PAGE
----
Escaping Oppression on Multiple Fronts:.
How Frederick Douglass Escapes Physical & Intellectual Limitations.
Slaveholders employ an abundance of methods to keep slaves enslaved. Many of these methods are categorized by either being physical or intellectual. The intellectual restrictions are developed as a means of justifying slavery to the slaves and slavemasters. By not allowing slaves to read, slavemasters could be the only source of information as to what is contained in books, such as the bible. With physical restrictions in place as well, slaves had very little options. Frederick Douglass breaks though these limitations by learning how to read, and discovers that he is not the inferior person that he was raised to be by reading the bible. He sees how he has the capability to be free, and escapes to freedom. To achieve freedom, a slave must overcome the physical dominations and intellectual limitations of slavery, which can only be realized though literacy. .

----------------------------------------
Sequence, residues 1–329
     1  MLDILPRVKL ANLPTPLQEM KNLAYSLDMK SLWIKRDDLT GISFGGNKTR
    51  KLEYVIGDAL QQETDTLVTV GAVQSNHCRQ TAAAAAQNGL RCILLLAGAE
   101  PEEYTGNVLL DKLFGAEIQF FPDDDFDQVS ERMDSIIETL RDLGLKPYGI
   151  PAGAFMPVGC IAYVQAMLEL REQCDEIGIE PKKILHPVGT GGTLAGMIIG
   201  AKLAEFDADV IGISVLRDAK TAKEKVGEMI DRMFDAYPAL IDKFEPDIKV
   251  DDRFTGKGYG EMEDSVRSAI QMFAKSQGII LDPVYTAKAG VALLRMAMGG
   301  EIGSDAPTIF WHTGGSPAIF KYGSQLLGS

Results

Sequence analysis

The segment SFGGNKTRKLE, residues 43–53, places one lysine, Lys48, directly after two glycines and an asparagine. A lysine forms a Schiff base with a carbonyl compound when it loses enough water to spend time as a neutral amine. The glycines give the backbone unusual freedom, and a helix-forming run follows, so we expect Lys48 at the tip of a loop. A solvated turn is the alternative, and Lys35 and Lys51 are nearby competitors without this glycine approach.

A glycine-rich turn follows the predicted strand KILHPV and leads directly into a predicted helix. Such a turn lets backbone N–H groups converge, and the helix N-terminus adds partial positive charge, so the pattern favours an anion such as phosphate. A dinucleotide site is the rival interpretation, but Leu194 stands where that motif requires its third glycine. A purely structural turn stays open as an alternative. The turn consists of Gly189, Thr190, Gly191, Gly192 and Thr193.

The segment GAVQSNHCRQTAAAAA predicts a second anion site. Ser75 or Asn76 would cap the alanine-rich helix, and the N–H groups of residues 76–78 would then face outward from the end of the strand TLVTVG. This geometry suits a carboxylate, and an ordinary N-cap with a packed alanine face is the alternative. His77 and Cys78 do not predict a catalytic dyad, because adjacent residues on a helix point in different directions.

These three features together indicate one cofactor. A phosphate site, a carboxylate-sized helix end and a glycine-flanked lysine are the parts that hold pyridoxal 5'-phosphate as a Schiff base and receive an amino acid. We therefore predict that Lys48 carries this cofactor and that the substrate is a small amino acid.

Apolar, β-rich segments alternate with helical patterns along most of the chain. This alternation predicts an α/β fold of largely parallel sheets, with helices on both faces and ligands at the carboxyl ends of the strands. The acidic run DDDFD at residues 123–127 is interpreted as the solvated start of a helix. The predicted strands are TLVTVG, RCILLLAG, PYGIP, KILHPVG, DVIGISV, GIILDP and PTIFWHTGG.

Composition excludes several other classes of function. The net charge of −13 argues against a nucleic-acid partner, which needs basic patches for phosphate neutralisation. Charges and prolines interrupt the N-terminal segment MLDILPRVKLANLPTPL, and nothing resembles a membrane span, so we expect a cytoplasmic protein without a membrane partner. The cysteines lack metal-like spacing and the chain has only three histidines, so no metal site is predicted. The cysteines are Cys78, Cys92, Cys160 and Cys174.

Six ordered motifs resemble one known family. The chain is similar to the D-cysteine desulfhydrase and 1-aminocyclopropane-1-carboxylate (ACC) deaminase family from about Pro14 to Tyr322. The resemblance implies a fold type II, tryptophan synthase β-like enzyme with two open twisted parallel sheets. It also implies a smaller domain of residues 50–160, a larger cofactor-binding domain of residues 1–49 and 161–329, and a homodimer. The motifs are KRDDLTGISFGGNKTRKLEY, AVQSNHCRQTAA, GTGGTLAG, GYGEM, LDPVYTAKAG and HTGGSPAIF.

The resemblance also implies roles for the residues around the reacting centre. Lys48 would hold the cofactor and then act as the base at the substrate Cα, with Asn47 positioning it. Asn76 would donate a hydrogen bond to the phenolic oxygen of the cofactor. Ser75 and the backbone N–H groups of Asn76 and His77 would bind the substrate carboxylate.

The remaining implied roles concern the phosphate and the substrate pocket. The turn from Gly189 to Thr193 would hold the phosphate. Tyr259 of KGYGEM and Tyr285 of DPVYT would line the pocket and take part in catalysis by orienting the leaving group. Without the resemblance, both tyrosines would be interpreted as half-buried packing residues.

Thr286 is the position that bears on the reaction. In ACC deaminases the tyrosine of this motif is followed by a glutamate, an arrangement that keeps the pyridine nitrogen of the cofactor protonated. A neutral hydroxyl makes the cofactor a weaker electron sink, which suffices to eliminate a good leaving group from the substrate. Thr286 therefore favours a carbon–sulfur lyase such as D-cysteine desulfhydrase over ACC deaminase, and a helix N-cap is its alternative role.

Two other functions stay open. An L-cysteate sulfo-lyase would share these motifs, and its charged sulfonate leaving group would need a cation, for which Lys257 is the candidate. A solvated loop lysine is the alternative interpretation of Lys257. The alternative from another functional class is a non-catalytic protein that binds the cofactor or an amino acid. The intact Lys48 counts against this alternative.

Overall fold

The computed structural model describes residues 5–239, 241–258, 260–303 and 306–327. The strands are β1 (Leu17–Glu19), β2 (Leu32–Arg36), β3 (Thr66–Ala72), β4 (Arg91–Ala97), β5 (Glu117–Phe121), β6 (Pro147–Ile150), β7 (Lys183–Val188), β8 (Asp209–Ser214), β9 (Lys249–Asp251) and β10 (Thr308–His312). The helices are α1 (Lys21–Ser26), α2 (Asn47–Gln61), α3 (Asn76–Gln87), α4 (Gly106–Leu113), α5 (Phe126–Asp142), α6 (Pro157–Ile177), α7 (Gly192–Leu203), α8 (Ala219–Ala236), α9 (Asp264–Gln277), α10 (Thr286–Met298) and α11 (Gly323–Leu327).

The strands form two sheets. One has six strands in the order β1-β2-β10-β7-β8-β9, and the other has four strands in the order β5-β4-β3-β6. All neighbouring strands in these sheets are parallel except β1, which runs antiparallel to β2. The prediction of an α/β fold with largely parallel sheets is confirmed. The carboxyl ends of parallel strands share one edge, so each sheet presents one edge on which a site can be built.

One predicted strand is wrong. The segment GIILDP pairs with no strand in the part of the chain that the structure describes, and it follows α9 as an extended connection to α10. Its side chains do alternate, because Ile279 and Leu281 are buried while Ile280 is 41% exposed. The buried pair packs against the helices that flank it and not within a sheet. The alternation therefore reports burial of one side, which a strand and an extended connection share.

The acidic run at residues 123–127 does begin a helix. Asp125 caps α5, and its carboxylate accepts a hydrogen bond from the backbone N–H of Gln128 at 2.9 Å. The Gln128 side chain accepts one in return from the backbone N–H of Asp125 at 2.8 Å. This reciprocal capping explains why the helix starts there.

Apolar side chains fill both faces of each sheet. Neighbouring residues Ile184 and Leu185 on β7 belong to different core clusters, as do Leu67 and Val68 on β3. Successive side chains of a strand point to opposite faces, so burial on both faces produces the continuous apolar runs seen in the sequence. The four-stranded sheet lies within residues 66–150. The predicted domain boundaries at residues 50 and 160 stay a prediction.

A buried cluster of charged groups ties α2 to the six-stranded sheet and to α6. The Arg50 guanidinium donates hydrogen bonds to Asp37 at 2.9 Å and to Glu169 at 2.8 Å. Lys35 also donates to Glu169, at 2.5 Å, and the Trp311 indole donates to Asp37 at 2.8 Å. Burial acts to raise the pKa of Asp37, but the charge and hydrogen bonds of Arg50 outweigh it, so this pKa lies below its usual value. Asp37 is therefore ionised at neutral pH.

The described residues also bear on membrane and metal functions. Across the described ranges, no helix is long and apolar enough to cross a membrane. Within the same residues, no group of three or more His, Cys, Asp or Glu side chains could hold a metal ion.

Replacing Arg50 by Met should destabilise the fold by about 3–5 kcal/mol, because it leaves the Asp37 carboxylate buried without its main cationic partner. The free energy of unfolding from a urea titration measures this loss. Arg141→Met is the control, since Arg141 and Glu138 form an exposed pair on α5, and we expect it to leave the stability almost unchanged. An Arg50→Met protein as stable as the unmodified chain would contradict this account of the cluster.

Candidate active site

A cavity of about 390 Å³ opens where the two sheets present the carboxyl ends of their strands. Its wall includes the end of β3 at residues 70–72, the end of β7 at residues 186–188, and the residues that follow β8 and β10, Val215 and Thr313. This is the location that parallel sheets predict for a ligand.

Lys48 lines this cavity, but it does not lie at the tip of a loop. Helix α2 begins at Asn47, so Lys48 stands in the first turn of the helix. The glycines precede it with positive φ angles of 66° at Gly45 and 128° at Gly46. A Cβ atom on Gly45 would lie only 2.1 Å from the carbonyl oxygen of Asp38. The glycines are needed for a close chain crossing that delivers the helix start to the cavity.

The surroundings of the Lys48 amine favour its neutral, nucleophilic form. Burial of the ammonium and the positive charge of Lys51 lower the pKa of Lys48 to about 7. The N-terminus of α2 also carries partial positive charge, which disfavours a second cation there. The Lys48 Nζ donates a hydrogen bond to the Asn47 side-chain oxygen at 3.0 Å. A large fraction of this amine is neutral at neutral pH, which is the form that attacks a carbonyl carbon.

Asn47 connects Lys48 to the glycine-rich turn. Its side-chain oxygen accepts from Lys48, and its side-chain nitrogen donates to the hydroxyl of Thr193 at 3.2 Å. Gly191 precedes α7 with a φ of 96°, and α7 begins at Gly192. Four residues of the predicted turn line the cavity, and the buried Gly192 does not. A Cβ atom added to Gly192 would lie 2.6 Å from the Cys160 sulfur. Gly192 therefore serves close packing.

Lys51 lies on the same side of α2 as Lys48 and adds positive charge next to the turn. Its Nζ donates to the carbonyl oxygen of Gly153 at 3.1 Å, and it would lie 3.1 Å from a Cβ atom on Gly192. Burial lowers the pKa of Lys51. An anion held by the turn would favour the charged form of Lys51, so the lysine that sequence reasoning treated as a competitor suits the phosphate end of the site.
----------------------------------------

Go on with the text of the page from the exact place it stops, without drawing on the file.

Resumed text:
Slaveholders build a difference between themselves and slaves that would justify the institution of slavery. In the autobiography "Narrative of the Life of Frederick Douglass," Douglass begins by stating how he has "no accurate knowledge of [his] age, never having seen any authentic record containing it (p47)". Not knowing ones age is not restricted to Douglass, for he observes that "the larger part of the slaves know as little of their ages as horses know of theirs, and it is the wish of most masters within my knowledge to keep their slaves thus ignorant(p47). The reference to horses implies that slaveholders believe that slaves are like animals, and should be treated as such. This belief reinforced further by the interpretation that the slaveholder takes on the bible, thinking that the bible condemns black people to a life as slaves. Black people have no choice but to believe their masters, for they end up with no knowledgable person around to tell them otherwise.